Carefully drain to prevent chemicals and debris from harming the environment. Minimize contamination for environmental protection. Environmental concerns could also factor into your local permitting process. If you are allowed to drain to the street, it's important not to add any chlorine to the water for at least 7 days prior to get the chlorine level below 0.1 mg/L

Step 3: Demolition Process

Once you drain your pool, you can begin the demolition process. This can be one of the most complex and dangerous phases, and it's important to get it right.

Selecting a Demolition Method

Depending on the type of pool you have—gunite, fiberglass, or vinyl—different methods will be most effective. With a gunite pool you will want to decide whether to remove the entire shell of the pool or to demo it in place. From jackhammering to full-scale excavation, each method requires a tailored approach and specific equipment.

Our Most Common Demolition Method

We removed mostly in-ground gunite pools. These pools required special equipment for a quick and efficient job. In most instances we were able to remove a

section of fence providing 6 feet of access. We used a small excavator with a breaker attachment and a skid steer to move materials with the limited access.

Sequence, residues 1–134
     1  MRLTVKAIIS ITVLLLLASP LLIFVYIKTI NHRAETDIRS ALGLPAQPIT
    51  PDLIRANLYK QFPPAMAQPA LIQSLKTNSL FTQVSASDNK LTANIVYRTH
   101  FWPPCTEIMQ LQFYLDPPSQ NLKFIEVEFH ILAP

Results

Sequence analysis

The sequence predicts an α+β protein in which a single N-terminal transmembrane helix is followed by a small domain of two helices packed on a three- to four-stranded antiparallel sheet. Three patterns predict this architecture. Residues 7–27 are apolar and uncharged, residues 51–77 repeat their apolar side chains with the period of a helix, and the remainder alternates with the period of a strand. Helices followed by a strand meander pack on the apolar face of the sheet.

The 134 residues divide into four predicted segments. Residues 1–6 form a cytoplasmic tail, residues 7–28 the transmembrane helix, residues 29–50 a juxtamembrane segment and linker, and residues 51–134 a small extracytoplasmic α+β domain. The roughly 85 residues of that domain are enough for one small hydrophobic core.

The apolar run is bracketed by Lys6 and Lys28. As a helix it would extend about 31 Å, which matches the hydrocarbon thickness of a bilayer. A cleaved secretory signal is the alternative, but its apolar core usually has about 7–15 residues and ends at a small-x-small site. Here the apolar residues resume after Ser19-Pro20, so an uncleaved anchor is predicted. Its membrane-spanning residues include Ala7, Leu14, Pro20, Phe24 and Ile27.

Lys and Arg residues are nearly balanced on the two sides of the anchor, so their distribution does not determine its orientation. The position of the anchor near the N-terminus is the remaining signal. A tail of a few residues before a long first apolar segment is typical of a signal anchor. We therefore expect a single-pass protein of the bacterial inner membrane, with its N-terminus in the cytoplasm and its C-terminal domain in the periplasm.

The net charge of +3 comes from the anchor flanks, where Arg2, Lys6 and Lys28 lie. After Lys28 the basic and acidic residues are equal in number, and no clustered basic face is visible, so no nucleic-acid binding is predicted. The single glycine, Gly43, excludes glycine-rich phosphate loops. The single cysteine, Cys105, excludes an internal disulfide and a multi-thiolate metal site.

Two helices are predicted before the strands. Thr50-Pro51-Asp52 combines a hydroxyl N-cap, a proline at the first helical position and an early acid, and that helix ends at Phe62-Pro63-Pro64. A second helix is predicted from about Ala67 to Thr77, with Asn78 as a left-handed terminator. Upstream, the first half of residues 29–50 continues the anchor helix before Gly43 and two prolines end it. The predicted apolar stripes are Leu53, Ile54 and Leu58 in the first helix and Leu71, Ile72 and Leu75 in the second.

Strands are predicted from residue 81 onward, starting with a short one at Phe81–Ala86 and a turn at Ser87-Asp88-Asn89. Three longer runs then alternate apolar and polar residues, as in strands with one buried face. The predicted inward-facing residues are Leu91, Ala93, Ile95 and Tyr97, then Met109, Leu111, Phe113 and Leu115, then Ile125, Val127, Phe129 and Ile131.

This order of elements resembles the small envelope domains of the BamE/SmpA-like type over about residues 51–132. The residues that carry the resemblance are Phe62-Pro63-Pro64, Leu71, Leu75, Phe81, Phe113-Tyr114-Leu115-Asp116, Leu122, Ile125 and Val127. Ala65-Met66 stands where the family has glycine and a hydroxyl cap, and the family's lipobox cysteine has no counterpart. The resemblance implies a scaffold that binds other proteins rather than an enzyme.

To remove part of a pool and keep the shell in the ground, start by breaking the bottom of the pool. This will help the water to drain correctly. To do this, you need to break a 4'X4' hole at the deepest part of the pool. Then, make 2.5" holes every foot along the bottom of the pool.

Once this is complete we call for our first inspection. Once the building inspector verified the holes we can proceed.

The next step would be to break down the bond beam (top 3' of the pool sides). Break the bond beam into small pieces of concrete that do not exceed 6" in diameter. Workers cut and remove the rebar from the site.

We then use the broken concrete over the holes to create a gravel drainage layer. We placed a layer of non-woven geo textile filter fabric on top of the gravel.

This fabric prevents soil from seeping through. However, it still allows water to pass through.  Next we call for the midway inspection prior to filling the pool with soil.

Building Inspection Pool removal

Full Removal of Pool Body

If you ever have plans to build over the area this is the option you will want to choose. The process involves breaking and removing all concrete and rebar from the site, similar to the above description. Once you remove all concrete, gunite, rebar, and piping from the hole, you will be ready for your first building inspection.